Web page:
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Volume 23, 1890
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Art. XXXV.—Note on the Eruptive Rocks of the Bluff Peninsula, Southland.

[Read before the Philosophical Institute of Canterbury, 7th August, 1890.]

The structure of the Bluff Peninsula has been lately described by Mr. James Park in a report to the Director of the Geological Survey of New Zealand. It is composed partly of sedimentary sandstones and slates, which are referred by Mr. Park to the Te Anau series, from lithological characters, and partly of eruptive rocks which have usually been called syenites. There are also diabasic-ash breccias, which, as Mr. Park points out, prove that volcanic activity was exhibited during the period of deposition of the sandstones. In fact, Bluff Hill is the stump of an old volcano.

[Footnote] † “Reports of Geological Explorations,” 1887-88, p. 72, with map and sections.

[Footnote] ‡ Dr. C. Forbes, Quar. Jour. Geol. Soc., vol. ii., 1855, p. 522; Hector, in Otago Provincial Gov. Gazette, 5th November, 1863; Hutton, Reports Geol. Expl., 1871-72, p. 102; Geology of Otago, Dunedin, 1875, p. 41; Hamilton, Trans. N.Z. Inst., vol. xix., p. 452.

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A few years ago I examined two rocks in my possession, from the Bluff Peninsula, and found one to be an enstatite diorite, the other a hornblende porphyrite.*

Last summer I had an opportunity of visiting the Bluff for a few hours, and I then collected other specimens of rocks, of which I offer short descriptions.

Hornblende Diorite. From Bluff Hill.

A coarse-grained, granular, light-grey rock, composed of black hornblende and greyish-white feldspar, the latter usually the more abundant. Specific gravity = 2.835.

Section.—The feldspar is entirely plagioclase, in plates about 0.035in. square, or in broad laths 0.046in. long by 0.022in. to 0.03in. broad, and well twinned. The hornblende is allotriomorphic, greenish-brown, strongly pleochroic, and partly decomposed to a pale bluish-green, slightly pleochroic, fibrous chlorite. Magnetite is not in great quantity, and is generally associated with the hornblende. There is a little pyrites.

Enstatite Diorite. From Bluff Hill.

A fine- to medium-grained, granular, dark-grey rock, composed of black hornblende and colourless feldspar in nearly equal quantities. Specific gravity = 2.88.

Section.—The feldspar is entirely plagioclase, in crowded, well-twinned crystals, from 0.01in. to 0.05in. in length, and from 0.007in. to 0.001in. in breadth. The hornblende is brownish - green, moderately pleochroic, the polarisation colours not brilliant. Augite occurs in quite subordinate quantity to the hornblende; pale-greenish in colour, and forming intergrowths with the hornblende; not pleochroic, and with brilliant polarisation colours. Enstatite is in small quantity, intergrown with the hornblende; it is moderately pleochroic, changing from bluish-green to brownish-red; in ordinary light it is yellow-green. The polarisation colours are not brilliant. Magnetite occurs in crystals and in masses; it is nearly always associated with the ferro-magnesian minerals.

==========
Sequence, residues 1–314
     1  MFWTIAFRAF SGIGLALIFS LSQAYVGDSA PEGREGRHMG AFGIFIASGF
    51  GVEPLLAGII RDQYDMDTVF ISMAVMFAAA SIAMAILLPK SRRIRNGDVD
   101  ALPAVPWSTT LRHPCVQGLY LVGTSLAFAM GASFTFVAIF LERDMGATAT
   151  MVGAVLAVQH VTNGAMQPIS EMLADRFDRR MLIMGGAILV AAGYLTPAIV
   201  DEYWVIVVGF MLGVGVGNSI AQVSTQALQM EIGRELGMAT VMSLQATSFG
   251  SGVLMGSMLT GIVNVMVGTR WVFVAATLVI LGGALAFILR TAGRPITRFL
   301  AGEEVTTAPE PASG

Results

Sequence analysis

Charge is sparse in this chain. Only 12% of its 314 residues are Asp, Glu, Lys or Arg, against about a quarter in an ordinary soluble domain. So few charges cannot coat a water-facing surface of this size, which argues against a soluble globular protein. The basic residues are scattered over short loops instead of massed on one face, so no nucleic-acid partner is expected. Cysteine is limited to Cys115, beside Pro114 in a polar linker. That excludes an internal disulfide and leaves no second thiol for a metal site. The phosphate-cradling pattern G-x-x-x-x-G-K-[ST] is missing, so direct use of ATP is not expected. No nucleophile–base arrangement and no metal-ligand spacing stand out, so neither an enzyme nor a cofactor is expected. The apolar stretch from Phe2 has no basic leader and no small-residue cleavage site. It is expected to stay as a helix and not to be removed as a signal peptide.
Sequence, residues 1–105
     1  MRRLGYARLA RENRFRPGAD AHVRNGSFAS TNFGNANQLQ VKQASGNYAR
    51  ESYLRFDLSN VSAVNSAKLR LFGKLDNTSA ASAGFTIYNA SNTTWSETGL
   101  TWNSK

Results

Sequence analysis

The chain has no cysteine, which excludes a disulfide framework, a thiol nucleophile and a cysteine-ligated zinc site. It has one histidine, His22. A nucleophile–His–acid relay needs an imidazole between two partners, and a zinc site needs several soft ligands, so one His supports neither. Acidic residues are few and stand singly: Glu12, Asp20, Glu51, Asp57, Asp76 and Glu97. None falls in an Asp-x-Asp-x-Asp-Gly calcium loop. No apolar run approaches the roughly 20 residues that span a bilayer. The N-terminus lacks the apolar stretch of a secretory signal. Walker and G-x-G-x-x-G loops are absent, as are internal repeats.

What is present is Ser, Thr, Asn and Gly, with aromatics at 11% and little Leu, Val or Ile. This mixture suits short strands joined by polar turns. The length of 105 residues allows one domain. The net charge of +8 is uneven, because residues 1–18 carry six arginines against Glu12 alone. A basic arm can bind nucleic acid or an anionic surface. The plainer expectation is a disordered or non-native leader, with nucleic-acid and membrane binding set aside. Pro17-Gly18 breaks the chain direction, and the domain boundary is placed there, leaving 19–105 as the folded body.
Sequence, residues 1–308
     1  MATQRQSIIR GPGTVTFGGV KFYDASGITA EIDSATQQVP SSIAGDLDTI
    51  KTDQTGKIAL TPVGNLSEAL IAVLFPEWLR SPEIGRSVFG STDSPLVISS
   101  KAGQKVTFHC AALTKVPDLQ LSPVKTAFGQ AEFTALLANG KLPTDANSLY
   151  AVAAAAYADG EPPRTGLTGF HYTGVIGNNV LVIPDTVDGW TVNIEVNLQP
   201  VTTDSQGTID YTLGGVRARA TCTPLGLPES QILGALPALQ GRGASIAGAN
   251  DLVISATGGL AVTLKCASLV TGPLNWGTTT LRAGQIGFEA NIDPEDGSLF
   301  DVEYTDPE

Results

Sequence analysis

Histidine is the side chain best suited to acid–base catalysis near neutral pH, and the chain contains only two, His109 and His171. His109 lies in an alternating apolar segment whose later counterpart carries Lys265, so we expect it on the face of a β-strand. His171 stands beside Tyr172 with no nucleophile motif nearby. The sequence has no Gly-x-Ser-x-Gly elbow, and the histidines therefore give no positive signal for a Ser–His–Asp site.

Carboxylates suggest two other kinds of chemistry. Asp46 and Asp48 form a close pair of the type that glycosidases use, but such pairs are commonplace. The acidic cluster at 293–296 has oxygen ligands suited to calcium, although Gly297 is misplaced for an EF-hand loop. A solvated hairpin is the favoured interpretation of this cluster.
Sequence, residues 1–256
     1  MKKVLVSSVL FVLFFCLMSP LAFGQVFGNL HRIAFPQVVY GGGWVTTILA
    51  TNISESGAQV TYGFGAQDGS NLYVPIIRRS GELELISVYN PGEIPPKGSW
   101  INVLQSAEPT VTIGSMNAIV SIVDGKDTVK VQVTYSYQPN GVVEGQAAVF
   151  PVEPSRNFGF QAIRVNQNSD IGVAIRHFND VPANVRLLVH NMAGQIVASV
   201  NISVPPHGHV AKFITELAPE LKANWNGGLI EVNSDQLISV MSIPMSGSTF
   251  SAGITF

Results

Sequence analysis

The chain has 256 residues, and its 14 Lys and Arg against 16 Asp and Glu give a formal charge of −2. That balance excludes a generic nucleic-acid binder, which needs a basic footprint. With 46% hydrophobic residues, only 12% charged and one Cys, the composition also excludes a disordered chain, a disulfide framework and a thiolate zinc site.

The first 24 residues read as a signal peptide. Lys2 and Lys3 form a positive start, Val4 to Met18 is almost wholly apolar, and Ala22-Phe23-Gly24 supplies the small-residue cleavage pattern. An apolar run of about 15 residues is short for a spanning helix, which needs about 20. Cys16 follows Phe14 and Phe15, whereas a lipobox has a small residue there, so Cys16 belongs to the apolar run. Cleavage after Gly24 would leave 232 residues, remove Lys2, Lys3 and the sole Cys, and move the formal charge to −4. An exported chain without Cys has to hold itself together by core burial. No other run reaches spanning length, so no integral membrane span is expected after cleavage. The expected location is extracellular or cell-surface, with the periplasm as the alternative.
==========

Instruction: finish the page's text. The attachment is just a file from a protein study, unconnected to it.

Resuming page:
Hornblende Porphyrite. From Green Hills.

A dark greenish-grey, fine-grained rock, with porphyritic crystals of hornblende scattered through it rather abundantly. Specific gravity = 2.901.

Section—Ground-mass holocrystalline, composed of grains and crystals of feldspar and brown hornblende, with some chlorite. The porphyritic minerals are plagioclase and hornblende. The former is much altered. The hornblende is brown, and partly idiomorphic. There is a little magnetite and pyrites.

[Footnote] * Jour. of Roy. Soc. of N.S. Wales, vol. xxiii., 1889, pp. 128 and 129.

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Olivine Gabbro. From Bluff Hill

A rather coarse-grained, dark-grey, granular rock. Specific gravity = 2.916.

Section.—Plagioclase in broad laths and plates composes about one-half of the rock; the other half is ferro-magnesian minerals. Diallage is allotriomorphic, pale-purple in colour, and forms ophitic plates enclosing the plagioclase and olivine; in places it is decomposed into chlorite. The olivine is colourless, in rounded crystals, much decomposed on the margins and in cracks; it is not abundant. Magnetite is in small quantity. There is also a little pyrites.

Greenstone Ash. From Green Hills.

Fine-grained, dark-green rocks, sometimes laminated with finer and coarser materials. These rocks are the diabasic ash of Mr. Park. Thin sections show them to consist of minute angular fragments of feldspar, much decomposed, but chiefly orthoclase, abundantly infiltrated with chlorite. There is no quartz. Pyrites occurs commonly.